Business insurance protects companies from the financial risk of accidents and disasters. It’s a set of policies including general liability, commercial property and business interruption insurance. All businesses should have general liability coverage, which protects against accidents that cause damage or injury to customers or clients. Other common business insurance policies are errors and omissions (EPLI) for professional services and commercial property insurance.
General Liability Insurance
A general liability insurance policy safeguards your company against incidents that may occur there or while a client is a guest. These may involve claims for property damage or bodily injury (such as when a shopper trips over a rug and is injured). This type of business insurance typically covers repairs or replacement costs and legal fees. It also may pay for reputational harm like libel or slander. While most small businesses don’t have the resources to cover the cost of a major lawsuit, having a comprehensive business insurance policy can help deflect some of the financial burden. Plus, having the right coverage can show potential clients and partners that your business is stable and responsible.
Every owner has different business insurance needs; some risks are more serious than others. That’s why choosing a policy that fits your unique business is important. Since a business owner’s policy combines general liability and commercial property insurance into one practical package, it is a popular choice for small enterprises. You can also add on specialized policies such as professional liability, product liability and crime insurance.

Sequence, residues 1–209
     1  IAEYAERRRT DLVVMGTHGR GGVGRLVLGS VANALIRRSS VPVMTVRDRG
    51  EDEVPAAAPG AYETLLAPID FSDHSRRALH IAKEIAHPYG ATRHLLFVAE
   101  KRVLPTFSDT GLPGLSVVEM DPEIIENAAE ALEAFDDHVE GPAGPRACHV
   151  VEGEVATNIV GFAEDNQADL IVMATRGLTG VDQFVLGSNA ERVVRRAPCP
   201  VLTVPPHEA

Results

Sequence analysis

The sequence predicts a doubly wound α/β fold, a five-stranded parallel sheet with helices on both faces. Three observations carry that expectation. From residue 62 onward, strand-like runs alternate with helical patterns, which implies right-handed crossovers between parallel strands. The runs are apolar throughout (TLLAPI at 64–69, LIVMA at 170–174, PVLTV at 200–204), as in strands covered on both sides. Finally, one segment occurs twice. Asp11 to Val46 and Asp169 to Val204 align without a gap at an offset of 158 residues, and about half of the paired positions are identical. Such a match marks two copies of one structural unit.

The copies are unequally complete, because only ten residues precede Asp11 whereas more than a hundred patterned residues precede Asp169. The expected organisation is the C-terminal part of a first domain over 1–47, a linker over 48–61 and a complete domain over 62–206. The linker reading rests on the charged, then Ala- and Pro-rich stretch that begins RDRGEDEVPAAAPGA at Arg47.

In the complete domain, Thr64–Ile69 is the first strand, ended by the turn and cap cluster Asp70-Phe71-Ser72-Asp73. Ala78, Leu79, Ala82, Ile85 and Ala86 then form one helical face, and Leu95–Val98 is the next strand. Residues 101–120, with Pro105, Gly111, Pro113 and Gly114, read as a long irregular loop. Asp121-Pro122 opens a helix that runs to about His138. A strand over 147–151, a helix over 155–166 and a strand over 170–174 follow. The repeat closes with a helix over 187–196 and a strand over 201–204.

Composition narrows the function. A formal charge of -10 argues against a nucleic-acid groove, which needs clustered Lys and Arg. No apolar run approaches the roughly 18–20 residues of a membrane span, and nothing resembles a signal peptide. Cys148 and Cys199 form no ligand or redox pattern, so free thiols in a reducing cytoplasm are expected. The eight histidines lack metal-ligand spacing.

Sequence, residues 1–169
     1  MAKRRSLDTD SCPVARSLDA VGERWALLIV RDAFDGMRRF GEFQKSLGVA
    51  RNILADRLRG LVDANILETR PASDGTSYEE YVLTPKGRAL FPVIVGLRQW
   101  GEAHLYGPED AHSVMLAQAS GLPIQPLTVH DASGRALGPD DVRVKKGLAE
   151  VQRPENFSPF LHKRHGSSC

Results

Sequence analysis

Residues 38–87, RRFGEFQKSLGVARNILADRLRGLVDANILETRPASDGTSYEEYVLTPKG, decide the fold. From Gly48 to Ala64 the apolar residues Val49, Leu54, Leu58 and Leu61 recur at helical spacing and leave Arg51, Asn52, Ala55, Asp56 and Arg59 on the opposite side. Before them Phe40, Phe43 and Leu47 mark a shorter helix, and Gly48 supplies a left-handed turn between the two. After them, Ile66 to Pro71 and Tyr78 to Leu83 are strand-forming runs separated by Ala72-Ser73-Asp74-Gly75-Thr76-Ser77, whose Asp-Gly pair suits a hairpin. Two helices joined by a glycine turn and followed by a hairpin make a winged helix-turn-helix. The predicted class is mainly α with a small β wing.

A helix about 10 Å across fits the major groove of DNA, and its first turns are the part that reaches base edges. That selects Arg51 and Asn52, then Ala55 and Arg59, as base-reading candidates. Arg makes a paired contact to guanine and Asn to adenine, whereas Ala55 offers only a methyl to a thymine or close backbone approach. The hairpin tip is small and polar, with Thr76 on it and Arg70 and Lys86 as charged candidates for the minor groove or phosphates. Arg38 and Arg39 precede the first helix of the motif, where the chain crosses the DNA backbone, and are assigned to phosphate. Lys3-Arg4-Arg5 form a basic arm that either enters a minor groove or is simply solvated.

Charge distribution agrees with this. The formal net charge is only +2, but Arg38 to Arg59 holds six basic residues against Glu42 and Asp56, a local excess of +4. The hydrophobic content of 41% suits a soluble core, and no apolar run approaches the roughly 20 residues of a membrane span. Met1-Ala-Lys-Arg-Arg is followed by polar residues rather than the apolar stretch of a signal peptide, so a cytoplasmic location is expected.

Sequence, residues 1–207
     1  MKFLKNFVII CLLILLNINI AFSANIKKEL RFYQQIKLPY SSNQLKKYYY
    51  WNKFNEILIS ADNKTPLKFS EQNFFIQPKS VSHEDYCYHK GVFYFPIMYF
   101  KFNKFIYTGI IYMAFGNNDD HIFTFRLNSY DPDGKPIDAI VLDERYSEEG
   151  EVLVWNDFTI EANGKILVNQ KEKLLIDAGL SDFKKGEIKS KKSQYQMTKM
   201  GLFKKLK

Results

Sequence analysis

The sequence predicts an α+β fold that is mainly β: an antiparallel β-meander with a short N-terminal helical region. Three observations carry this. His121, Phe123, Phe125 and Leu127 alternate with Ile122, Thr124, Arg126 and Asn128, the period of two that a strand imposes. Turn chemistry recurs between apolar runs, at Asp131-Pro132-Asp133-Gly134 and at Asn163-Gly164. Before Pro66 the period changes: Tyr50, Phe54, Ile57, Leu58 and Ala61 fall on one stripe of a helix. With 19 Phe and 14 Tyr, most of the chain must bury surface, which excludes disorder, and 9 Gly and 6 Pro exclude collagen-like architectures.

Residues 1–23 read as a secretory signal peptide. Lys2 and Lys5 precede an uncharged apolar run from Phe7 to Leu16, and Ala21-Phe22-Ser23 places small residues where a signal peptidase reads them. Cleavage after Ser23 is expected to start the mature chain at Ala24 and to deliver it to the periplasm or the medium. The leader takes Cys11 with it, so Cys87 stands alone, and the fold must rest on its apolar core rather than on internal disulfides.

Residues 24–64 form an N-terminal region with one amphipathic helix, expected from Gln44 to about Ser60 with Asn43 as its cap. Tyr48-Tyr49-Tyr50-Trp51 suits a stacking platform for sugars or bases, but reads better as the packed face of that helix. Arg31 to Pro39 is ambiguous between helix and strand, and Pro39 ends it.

Business interruption insurance is another popular option, and it can reimburse your expenses if a disaster causes you to close temporarily. It can also cover lost income, rental revenue, and the cost of additional employees. Some policies offer optional coverages such as data breach, crime, environmental, and cyber liability insurance.
Business Owner’s Policy (BOP)
The Business Owner’s Policy, known by the acronym BOP, is a bundle of coverage created with small businesses in mind. It offers protection from most of the risks that small companies face, regardless of industry. BOPs combine general liability, commercial property, and business interruption insurance into a single policy. An organization is safeguarded from liability claims for bodily harm, property damage, libel, and slander by the general liability element of a BOP. If a consumer trips and falls inside your store or one of your items damages someone else’s property, a BOP might help cover the costs of those losses. A BOP’s commercial property insurance component covers the cost to repair or replace items at your business, like laptops and furniture.
The business interruption insurance included in a BOP covers the lost income if a disaster causes your company to shut down for an extended period, such as a fire or building collapse. Typically, the smaller your company and the less expensive your property, the cheaper a BOP will be. Larger companies with more complex risks might not qualify for a BOP and may need to opt for a combination of individual policies tailored to their risk profile. In addition, some insurers exclude certain industries from a BOP, such as rental car agencies and retail stores.